Question: I want to apply conditional formatting to two columns, so that when one column is highlighted by a color, the column next to it is, also.When I am teaching Excel, the question of how to apply conditional formatting to other columns comes up a lot, and in the past I solved it with a macro or an =if rule mimicking conditional formatting, and this is still a good solution.
However the clever engineer I am married to showed a me a better, more efficient way, and that is a golden rule: in Excel, efficiency is everything. To start, I am setting up a simple spreadsheet. I have the days of the week in Column A1:A7 and numbers 17 in Column B1:B7. For this scenario, I want to say that anything in column B that is greater than 5 is highlighted. Step 1: Make your range a table by pressing CRTL+T at the same time. This inserts a header row, making the table span A1:B8. Step 2: Select your cells that should be affected by the conditional formatting. Step 3: Create a conditional formatting rule. I will use anything above 4 will be highlighted as yellow. a. New Rule b. =$B2>=4 and the formatting is yellow. Using the $B keeps Excel looking in row B to find a value in 4. Step 3: Modify the rules. This will include column A. Go to Modify Rules to open the Conditional Formatting Rules Manager. a. The rules should apply to =$A$2:$B$8. Use F4 to get the magical $ to indicate absolute value.
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In a class recently, someone asked me how to use Excel for a random drawing. Like all things Excel, it seems like it is possible. Also like all things Excel, it is more complicated than it needs to be. Step One: a. Cell A1: Type Number of Winners b. Cell A2 is the number of winners, and this number can be changed depending on how many prizes are available. In formulas, it is written as $A$2 because it is the only place to look at numbers. Step Two a. A3 is the =rand() formula This tells excel to create a random number in each cell. If you want random whole numbers, use =randbetween() and choose the numbers you want, such as =randbetween(1,10000) b. B3 is the names of the eligible people. In my example, these names go from B4:B10. c. C3 is a rank formula that is looking at column A and figuring for any cell, how does it relate to the rest of the cells. It is =RANK(A4,$A$4:$A$10)  or whichever rows you use. d. D3 is an if formula that is looking at the number of winners less than or equal to whatever is in A2. =IF(C4<=$A$2,"WINNER","Not winner") e. The conditional formatting is applied to columns B, C, and D. B4 through D10 all have the same conditional formatting, applied one column at a time. This could become a macro because you are doing the same thing three times. f. Go to conditional formatting, new rule, =C4<=$A$2 and pick a color. The C4 is replaced with whatever cell when it is dragged down/across. Step Three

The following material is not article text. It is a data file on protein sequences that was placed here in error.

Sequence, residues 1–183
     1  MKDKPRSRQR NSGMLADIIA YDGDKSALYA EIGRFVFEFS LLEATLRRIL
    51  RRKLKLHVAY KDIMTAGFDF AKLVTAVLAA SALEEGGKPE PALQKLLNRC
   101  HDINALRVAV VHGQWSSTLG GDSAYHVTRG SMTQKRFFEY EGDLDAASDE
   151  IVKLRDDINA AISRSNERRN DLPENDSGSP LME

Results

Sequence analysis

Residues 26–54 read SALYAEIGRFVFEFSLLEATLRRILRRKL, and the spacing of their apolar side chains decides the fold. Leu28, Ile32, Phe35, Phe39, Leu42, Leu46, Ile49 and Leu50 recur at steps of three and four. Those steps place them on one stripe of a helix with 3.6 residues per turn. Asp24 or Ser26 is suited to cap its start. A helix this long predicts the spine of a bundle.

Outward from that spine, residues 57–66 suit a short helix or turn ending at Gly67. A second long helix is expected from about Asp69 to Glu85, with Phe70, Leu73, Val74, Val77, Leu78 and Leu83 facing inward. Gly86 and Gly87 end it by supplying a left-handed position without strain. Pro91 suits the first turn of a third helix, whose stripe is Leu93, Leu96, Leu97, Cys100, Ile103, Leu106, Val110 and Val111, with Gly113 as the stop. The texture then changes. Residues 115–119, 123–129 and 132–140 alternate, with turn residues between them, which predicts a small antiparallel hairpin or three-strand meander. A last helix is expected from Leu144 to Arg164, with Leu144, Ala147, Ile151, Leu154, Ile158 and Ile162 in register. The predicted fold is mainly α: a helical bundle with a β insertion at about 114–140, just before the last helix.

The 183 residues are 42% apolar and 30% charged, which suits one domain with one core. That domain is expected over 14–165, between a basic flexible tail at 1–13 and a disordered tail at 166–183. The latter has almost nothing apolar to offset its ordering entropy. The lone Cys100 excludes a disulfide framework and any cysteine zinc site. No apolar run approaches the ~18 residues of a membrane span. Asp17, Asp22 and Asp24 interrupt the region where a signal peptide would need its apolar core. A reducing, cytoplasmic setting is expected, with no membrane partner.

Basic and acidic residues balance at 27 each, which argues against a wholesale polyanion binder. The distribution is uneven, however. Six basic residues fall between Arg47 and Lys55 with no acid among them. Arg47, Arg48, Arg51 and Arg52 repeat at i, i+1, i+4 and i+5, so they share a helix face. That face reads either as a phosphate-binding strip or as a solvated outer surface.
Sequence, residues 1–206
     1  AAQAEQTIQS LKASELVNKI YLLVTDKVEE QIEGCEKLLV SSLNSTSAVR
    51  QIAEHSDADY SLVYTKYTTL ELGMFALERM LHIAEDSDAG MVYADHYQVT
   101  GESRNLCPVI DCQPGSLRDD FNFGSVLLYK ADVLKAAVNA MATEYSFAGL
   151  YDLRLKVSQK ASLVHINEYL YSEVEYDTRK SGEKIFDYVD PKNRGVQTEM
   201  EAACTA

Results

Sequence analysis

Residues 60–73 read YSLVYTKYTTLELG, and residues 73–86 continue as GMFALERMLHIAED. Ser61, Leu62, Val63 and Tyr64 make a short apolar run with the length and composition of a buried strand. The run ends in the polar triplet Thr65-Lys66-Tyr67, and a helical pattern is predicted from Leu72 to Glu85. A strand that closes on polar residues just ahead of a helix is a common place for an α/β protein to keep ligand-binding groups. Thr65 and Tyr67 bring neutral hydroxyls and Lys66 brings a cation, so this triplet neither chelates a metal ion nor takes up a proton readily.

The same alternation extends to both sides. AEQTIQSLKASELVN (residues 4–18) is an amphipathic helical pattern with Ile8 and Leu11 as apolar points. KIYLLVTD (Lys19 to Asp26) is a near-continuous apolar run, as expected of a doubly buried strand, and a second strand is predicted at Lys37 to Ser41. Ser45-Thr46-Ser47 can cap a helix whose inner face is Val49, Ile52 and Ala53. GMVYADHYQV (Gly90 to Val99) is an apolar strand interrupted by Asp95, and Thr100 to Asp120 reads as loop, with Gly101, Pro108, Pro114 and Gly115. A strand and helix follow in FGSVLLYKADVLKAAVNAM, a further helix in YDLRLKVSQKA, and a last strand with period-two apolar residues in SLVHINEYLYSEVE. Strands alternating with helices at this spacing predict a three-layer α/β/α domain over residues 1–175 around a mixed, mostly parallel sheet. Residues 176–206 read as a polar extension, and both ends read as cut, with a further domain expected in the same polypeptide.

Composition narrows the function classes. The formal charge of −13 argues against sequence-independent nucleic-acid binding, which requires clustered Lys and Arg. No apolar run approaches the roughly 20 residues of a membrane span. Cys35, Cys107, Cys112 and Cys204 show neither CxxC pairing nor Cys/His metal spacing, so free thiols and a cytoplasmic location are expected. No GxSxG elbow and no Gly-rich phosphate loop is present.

The random numbers will always be changing, so copy and paste it either as values with source formatting or (my preference) as a picture so it will be the same every time. Paste it in another area of the sheet, but press the drop down arrow by the paste and choose paste as values and keep the source formatting or paste as picture. This is on a sheet called step 3. If I were doing it, I would paste it on a new sheet as a picture. That way it is frozen in time and you can name the sheet for that week's contest. Paste it in another area of the sheet, but press the drop down arrow by the paste and choose paste as values and keep the source formatting or paste as picture. This is on a sheet called step 3. If I were doing it, I would paste it on a new sheet as a picture. That way it is frozen in time and you can name the sheet for that week's contest. 
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